Listening to E luxo so as ambient music

Labradford's 1999 album, E luxo so, is more subdued than their previous, Mi media naranja. Subdued enough, in fact, that even if you weren't thinking of Labradford as ambient musicians, you should be now.

As such, I'm going to take a brief look at how E luxo so compares to some of my favorite canonical and not-so-canonical ambient music: Eno's Music for Airports, which kicked off the modern interest in ambient music; Erik Satie's trois Gymnopedies, which explored the same area as Eno, more than fifty years earlier; and Miles Davis's Kind of Blue, one of the most popular jazz albums of all time.

The music is slow, measured: taken at a leisurely pace. What percussion sounds there are, are watery and muted, evocative of rippling rather than striking. The foundation of the music is gently plucked strings (electric guitars, cellos, etc.) and a quietly shimmering Rhodes piano (?), played mostly one-note-at-a-time. A dulcimer shows up occasionally.

In this the music is much like Music for Airports, in that it meets the conditions Eno stated in the liner notes for Music...: ambient music must be as ignorable as it is interesting. It works well at different levels of attention, different levels of distraction; even, to put it bluntly (though ambient music is never reducible to this alone), different levels of volume. The same is true of Satie's Gymnopedies, and mostly, of Kind of Blue. It's that "mostly" that interests me here.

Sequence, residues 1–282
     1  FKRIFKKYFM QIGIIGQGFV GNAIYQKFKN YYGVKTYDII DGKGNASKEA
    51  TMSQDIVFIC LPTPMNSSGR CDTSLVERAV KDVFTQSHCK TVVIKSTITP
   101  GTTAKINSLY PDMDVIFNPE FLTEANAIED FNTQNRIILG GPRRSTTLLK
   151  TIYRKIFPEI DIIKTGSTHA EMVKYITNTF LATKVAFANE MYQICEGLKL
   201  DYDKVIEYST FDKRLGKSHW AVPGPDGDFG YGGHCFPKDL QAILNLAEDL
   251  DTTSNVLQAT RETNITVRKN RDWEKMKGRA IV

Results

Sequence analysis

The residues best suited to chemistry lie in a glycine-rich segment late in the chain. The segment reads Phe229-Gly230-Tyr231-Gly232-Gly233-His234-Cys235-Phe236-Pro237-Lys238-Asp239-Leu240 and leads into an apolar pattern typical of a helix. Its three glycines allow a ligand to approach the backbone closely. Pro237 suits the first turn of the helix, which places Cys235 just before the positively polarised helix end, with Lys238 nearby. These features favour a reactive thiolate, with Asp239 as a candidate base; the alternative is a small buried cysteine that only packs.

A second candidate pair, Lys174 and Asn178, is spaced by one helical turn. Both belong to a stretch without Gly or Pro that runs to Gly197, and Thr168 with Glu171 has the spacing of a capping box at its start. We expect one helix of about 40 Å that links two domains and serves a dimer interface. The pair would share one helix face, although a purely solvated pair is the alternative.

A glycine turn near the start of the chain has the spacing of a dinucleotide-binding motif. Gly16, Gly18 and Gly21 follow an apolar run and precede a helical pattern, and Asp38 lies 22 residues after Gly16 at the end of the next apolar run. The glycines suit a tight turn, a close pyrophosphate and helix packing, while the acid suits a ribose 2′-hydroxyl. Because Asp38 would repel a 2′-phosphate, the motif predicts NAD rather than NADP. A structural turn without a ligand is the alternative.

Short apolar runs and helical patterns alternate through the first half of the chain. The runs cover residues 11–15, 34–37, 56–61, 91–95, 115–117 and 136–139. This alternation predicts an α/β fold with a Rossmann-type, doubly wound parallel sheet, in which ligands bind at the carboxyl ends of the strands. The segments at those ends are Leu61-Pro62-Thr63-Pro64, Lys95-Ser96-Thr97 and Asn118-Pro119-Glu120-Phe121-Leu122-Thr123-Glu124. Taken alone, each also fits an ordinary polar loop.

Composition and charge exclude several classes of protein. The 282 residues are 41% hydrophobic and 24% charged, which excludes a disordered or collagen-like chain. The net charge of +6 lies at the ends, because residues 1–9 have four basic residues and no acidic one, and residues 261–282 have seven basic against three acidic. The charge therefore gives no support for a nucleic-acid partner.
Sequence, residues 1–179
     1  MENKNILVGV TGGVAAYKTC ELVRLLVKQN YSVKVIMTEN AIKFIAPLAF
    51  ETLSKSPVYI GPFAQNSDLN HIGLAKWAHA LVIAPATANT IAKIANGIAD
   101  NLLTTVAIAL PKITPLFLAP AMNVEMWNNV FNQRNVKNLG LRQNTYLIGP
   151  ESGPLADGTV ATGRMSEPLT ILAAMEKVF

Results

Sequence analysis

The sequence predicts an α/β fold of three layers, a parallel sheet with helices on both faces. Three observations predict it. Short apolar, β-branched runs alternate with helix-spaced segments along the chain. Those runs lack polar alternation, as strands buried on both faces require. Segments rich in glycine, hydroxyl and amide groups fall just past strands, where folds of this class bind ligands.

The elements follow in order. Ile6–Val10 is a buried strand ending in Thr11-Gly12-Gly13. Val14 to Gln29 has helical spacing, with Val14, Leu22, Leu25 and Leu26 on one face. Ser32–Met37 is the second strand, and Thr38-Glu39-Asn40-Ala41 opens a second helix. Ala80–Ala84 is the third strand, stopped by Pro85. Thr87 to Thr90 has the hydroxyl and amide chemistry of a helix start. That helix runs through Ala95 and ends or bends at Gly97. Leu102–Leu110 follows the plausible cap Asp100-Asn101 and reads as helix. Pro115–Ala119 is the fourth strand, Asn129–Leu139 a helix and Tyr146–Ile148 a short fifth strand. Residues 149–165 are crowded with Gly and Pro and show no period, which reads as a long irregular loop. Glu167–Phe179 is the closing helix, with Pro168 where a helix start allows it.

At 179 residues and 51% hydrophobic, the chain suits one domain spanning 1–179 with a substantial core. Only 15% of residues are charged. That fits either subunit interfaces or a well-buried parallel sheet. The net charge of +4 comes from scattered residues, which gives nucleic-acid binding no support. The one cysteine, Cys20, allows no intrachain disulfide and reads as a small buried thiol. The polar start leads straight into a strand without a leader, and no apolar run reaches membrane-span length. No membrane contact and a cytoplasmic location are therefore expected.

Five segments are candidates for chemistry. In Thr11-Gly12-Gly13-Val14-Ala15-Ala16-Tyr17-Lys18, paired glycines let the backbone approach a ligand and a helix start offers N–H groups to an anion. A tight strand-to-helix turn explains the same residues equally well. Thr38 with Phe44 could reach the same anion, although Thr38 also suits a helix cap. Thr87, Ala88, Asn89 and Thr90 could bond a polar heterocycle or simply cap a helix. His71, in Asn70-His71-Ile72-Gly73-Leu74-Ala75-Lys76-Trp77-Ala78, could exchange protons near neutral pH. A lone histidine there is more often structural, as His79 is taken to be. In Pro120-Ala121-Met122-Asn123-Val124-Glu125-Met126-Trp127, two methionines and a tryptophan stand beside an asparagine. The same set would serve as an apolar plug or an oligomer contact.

Kind of Blue can be ambient music in certain situations. If the non-musical situation in a room is more active, more lively, then the album works better. For quieter, less active situations, the music is at times too rambunctious: Coltrane and Cannonball's solos, in particular, are played with strong, hard-to-ignore attacks, thus violating Eno's rule of thumb.

I say "certain situations," though, because the album does vary. "Blue in Green" and "Flamenco Sketches," in particular, are "more ambient" than "So What," "Freddie Freeloader," or "All Blues."

Listening to "Flamenco Sketches" the other day, I was struck with, perhaps, an explanation: as the liner notes tell us,

"Flamenco Sketches" is a series of five scales, each to be played as long as the soloist wishes until he has completed the series.
The composition helps determine the mood to a large extent: even though the solos are each packed with melodic invention, the harmonic underpinnings (reinforced by Paul Chambers and Bill Evans) are largely static. There are "changes" of a sort in each solo, but they're not changes of the bebop sort, and certainly not as extreme as, say, the changes in Coltrane's "Giant Steps."

Inherent in this sort of composition is a stasis - a lack of forward motion, of a certain kind of dynamicism. "Flamenco Sketches" is carried forward by its melodies, but it's a lazy (though not undisciplined) motion.

This is the kind of motion shared by Eno's compositions on Music for Airports, and Satie's in the Gymnopedies. Notice how in especially the Davis and Eno, the sense of stasis is gotten at through playing with time. Eno's songs certainly do change, but they do so slowly, no doubt because music that changes quickly is hard to ignore, being that it presents a stimulus more like foreground than background.

E luxo so is distinguished for me, then, because it seems to simultaneously remain in stasis, while being in motion. I'm not yet sure what kind of motion, or how fast (it's certainly not that fast...). As Labradford are eminently "cinematic," though, I'll end by likening their synthesis of the static and dynamic to this image: that of a still scene, shot by camera, slowly being panned.